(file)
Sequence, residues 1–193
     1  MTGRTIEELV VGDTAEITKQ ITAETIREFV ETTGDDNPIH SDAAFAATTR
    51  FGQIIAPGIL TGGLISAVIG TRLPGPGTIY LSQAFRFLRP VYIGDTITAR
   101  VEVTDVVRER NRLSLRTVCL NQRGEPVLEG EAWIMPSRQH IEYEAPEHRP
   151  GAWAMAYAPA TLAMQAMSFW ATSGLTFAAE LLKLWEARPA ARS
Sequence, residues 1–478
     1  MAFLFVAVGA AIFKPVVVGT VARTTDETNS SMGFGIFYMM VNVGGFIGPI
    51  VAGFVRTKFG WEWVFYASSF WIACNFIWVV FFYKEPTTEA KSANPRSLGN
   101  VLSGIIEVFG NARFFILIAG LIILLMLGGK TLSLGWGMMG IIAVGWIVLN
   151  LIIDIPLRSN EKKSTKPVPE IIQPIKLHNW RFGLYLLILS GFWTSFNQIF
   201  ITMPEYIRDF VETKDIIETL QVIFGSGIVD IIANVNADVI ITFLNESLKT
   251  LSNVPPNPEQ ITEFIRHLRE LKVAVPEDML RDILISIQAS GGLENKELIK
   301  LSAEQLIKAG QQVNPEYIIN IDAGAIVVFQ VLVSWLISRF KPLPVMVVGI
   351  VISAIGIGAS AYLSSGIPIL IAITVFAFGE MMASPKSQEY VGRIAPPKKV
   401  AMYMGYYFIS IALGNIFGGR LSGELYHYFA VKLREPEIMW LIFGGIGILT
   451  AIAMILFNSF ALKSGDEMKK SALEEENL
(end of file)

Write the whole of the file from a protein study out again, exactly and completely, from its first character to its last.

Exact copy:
Sequence, residues 1–193
     1  MTGRTIEELV VGDTAEITKQ ITAETIREFV ETTGDDNPIH SDAAFAATTR
    51  FGQIIAPGIL TGGLISAVIG TRLPGPGTIY LSQAFRFLRP VYIGDTITAR
   101  VEVTDVVRER NRLSLRTVCL NQRGEPVLEG EAWIMPSRQH IEYEAPEHRP
   151  GAWAMAYAPA TLAMQAMSFW ATSGLTFAAE LLKLWEARPA ARS
Sequence, residues 1–478
     1  MAFLFVAVGA AIFKPVVVGT VARTTDETNS SMGFGIFYMM VNVGGFIGPI
    51  VAGFVRTKFG WEWVFYASSF WIACNFIWVV FFYKEPTTEA KSANPRSLGN
   101  VLSGIIEVFG NARFFILIAG LIILLMLGGK TLSLGWGMMG IIAVGWIVLN
   151  LIIDIPLRSN EKKSTKPVPE IIQPIKLHNW RFGLYLLILS GFWTSFNQIF
   201  ITMPEYIRDF VETKDIIETL QVIFGSGIVD IIANVNADVI ITFLNESLKT
   251  LSNVPPNPEQ ITEFIRHLRE LKVAVPEDML RDILISIQAS GGLENKELIK
   301  LSAEQLIKAG QQVNPEYIIN IDAGAIVVFQ VLVSWLISRF KPLPVMVVGI
   351  VISAIGIGAS AYLSSGIPIL IAITVFAFGE MMASPKSQEY VGRIAPPKKV
   401  AMYMGYYFIS IALGNIFGGR LSGELYHYFA VKLREPEIMW LIFGGIGILT
   451  AIAMILFNSF ALKSGDEMKK SALEEENL